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Is It a Seizure? Differentiating Epileptic Seizures from Nonepileptic Events

Is It a Seizure? Differentiating Epileptic Seizures from Nonepileptic Events

Early differentiation of epileptic from nonepileptic seizures is important. Clues that suggest epilepsy are a history of febrile seizures (particularly if prolonged), past brain injury from trauma or infection, and epilepsy in first-degree relatives. Nonepileptic events that can resemble epileptic seizures include night terrors, benign sleep movements, breath-holding spells, gastroesophageal reflux symptoms, syncope, and migraine. In addition, conversion disorder can manifest as psychogenic nonepileptic seizures. If the seizure events are reasonably frequent, a long-term electroencephalogram that records the habitual attacks helps provide diagnostic certainty.

It can be difficult to determine whether unusual, paroxysmal behavior represents a seizure or a nonepileptic event. Patients with sudden flailing movements or unresponsive staring may, in fact, be experiencing psychogenic events. Other types of pathological spells, such as syncope and migraine, can also be mistaken for epileptic seizures. When epilepsy is incorrectly diagnosed in these patients, unnecessary seizure medication is likely to be prescribed, and correct diagnosis and treatment is delayed. It is also the case that epileptic seizures can be subtle and difficult to recognize. Inattentive staring may be attributed to attention deficit disorder but may, in fact, be due to either absence or complex partial seizures. An orderly approach to the differential diagnosis of paroxysmal events is the best way to avoid misdiagnosis. A careful, detailed history and physical examination supplemented by an electroencephalogram (EEG) will, in most cases, result in a correct diagnosis.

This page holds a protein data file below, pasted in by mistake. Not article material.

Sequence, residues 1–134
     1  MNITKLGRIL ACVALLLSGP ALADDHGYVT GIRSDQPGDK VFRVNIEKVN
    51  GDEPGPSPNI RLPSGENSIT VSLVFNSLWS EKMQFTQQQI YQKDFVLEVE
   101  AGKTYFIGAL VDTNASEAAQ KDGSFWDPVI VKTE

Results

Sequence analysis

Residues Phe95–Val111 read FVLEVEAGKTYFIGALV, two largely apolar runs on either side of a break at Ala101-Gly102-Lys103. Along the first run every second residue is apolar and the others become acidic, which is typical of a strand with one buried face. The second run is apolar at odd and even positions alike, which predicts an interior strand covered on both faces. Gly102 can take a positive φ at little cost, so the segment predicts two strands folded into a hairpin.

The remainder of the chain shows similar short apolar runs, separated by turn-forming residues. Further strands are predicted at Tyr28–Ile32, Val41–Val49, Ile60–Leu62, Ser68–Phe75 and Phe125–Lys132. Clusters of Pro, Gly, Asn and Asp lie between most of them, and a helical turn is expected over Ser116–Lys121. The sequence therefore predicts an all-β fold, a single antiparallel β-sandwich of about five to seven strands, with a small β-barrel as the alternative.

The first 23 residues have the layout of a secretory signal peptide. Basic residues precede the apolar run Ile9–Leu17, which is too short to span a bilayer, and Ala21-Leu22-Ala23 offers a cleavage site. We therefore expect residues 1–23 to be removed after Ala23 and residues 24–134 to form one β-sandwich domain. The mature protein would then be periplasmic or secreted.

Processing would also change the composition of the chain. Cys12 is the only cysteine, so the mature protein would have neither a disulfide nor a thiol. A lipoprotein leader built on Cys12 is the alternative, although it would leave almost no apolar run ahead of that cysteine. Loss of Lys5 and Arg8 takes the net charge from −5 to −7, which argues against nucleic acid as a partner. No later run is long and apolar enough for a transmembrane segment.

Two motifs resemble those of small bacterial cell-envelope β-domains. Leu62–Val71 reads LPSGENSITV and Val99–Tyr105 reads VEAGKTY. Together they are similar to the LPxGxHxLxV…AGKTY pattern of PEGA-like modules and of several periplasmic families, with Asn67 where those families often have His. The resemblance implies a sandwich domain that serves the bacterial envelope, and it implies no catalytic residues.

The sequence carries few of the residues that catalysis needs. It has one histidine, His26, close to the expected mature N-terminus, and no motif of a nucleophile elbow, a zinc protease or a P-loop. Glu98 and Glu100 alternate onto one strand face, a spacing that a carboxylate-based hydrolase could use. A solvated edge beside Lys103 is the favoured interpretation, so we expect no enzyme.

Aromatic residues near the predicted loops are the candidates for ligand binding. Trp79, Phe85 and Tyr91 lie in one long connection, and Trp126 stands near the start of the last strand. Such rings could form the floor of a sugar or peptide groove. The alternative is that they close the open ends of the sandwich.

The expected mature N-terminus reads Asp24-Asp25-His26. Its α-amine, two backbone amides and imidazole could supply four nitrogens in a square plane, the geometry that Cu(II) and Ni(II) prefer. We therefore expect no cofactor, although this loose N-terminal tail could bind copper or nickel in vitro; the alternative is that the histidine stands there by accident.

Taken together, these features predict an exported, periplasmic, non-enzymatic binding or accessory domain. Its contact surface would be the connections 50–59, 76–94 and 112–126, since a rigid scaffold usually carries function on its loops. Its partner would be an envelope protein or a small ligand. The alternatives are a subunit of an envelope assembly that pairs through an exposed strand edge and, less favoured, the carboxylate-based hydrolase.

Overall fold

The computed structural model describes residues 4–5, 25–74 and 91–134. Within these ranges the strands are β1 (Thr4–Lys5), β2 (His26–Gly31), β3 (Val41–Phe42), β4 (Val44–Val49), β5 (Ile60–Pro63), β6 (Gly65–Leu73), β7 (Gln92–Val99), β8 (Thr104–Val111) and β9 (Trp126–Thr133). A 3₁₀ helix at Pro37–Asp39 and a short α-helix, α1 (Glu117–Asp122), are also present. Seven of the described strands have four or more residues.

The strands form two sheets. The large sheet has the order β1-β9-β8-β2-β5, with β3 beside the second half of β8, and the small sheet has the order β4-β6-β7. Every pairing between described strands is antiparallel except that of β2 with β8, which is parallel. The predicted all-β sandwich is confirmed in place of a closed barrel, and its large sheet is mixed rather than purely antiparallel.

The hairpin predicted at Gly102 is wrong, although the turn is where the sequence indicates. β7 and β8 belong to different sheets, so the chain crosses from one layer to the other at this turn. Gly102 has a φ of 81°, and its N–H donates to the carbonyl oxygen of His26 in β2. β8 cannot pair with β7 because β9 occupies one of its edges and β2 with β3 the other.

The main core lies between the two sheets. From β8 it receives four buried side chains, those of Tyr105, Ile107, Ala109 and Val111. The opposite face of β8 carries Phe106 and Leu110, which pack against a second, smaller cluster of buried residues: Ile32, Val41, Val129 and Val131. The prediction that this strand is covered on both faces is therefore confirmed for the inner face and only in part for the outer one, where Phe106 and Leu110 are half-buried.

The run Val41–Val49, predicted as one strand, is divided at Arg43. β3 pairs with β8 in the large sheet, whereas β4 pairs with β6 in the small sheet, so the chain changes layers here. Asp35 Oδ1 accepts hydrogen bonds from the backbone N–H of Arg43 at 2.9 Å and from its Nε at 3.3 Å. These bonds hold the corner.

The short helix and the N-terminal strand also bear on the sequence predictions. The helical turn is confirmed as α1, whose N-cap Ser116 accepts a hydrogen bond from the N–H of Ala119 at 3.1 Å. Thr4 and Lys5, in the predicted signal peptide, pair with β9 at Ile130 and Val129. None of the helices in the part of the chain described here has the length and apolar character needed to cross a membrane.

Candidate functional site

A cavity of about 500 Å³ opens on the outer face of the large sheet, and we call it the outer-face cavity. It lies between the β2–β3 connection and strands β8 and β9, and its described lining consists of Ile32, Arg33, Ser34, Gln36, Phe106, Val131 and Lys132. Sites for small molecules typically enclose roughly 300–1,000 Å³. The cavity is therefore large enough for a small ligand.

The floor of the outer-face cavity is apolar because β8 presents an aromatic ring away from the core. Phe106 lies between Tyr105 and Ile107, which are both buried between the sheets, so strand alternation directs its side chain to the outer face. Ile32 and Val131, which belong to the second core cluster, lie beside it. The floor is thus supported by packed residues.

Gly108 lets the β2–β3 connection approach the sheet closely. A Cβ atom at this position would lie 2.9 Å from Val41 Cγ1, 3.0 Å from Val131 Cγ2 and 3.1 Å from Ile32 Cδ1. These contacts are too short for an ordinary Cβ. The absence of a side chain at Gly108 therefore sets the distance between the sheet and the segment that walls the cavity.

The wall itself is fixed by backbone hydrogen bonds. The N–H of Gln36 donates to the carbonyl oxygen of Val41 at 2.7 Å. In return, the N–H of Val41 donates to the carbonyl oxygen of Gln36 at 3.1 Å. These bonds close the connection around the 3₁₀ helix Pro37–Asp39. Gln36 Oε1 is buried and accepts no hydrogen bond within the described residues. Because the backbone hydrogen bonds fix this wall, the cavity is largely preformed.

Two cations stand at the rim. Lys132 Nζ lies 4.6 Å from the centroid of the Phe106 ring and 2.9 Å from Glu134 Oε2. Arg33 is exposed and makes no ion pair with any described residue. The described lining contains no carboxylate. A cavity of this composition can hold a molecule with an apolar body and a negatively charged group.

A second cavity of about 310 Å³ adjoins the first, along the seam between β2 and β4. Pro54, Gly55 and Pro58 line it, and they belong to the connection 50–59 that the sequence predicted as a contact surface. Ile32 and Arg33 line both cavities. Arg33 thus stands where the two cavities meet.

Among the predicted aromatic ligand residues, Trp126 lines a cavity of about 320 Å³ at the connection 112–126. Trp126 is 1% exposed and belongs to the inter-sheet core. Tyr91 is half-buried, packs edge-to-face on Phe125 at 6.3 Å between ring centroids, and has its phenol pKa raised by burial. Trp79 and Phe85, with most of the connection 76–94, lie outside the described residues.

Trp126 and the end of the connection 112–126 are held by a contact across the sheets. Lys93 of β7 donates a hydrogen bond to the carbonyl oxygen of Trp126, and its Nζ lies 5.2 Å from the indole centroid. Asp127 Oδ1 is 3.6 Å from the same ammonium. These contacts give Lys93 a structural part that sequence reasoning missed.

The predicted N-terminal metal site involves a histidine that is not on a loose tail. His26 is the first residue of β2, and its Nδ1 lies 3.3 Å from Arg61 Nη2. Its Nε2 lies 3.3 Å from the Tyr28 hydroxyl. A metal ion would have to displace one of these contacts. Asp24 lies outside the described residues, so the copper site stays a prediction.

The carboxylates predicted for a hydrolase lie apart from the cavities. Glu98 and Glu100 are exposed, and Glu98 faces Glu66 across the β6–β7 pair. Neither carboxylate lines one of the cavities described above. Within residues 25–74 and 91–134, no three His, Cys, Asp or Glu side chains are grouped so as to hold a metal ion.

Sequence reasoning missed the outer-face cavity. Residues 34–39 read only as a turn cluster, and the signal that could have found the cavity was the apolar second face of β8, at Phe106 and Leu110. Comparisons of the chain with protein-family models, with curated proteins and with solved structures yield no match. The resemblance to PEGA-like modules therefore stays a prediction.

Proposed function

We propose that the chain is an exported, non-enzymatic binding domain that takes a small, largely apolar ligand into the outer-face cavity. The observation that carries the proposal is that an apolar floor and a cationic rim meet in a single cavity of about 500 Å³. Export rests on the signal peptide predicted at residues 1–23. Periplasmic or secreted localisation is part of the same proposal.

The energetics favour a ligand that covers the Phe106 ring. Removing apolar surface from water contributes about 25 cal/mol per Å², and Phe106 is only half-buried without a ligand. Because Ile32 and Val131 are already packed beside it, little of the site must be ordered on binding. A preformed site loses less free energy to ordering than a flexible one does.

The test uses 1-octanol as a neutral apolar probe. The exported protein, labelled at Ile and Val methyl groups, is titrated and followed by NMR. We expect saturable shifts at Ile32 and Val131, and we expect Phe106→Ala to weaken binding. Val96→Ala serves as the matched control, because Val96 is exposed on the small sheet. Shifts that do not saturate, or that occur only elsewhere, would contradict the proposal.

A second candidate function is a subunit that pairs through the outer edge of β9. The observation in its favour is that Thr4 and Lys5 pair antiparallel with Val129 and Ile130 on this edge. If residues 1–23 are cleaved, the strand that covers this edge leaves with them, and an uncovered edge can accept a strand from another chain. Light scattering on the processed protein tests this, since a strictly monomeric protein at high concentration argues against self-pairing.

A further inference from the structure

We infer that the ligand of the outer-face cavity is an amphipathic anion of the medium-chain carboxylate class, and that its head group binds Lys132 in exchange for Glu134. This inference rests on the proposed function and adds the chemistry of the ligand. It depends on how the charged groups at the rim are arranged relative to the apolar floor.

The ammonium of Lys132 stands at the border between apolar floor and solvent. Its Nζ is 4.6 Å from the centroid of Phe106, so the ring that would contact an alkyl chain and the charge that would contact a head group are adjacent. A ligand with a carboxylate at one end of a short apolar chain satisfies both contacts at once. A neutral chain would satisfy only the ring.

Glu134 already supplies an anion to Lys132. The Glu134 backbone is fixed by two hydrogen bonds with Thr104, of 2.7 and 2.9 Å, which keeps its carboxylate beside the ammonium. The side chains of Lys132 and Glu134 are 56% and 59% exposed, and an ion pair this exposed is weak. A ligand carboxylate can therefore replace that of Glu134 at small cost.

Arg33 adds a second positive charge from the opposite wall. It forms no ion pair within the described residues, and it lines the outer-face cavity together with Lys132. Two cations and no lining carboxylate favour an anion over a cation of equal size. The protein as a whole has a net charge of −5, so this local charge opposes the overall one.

Epileptic seizures are paroxysmal, abnormal behaviors caused by excessive, hypersynchronous firing of neurons in the brain. Most seizures arise in the cerebral cortex, although subcortical structures can also generate seizures.1,2 The mechanism underlying hypersynchrony varies with epilepsy type but, in general, can be explained as an imbalance between excitatory and inhibitory input. For example, if a particular population of excitatory brain cells is damaged, the surviving cells may sprout and connect to more than their usual number of downstream neurons. Each upstream cell now “controls” a large group of downstream cells. So when the upstream cell fires, it can “synchronize” more downstream cells.3

Epilepsy is a disorder marked by recurrent, spontaneous seizures. The incidence of epilepsy is highest in early childhood and peaks again late in life.4 The peak in childhood reflects a combination of genetic predisposition and various brain pathologies evident in the young. In the elderly, the increased incidence represents the accumulated insults our brains sustain from such things as vascular disease and trauma. When epilepsy is attributed to a brain abnormality (eg, mental retardation, cerebral palsy, malformation), it is classified as “symptomatic.” Epilepsy is considered “idiopathic” when there is no recognized brain abnormality.5

Seizures are often the result of some acute, temporary perturbation of the brain’s “environment.” For example, a high fever, hypoglycemia, hyponatremia, hypoxia, and exposure to stimulant drugs of abuse are some of the precipitants of “acute reactive seizures.” When there is an apparent acute precipitant, the seizure is not considered diagnostic of epilepsy.6


The risk of recurrence within 2 years after a first-time, unprovoked seizure is approximately 35% to 40%.7 Increased risk of recurrence is associated with factors such as a remote, symptomatic cause (eg, brain injury); abnormal EEG; and seizure during sleep. Treatment with antiepileptic medication reduces the risk of a recurrence after a first seizure, but there is little evidence that treatment prevents the later development of epilepsy.8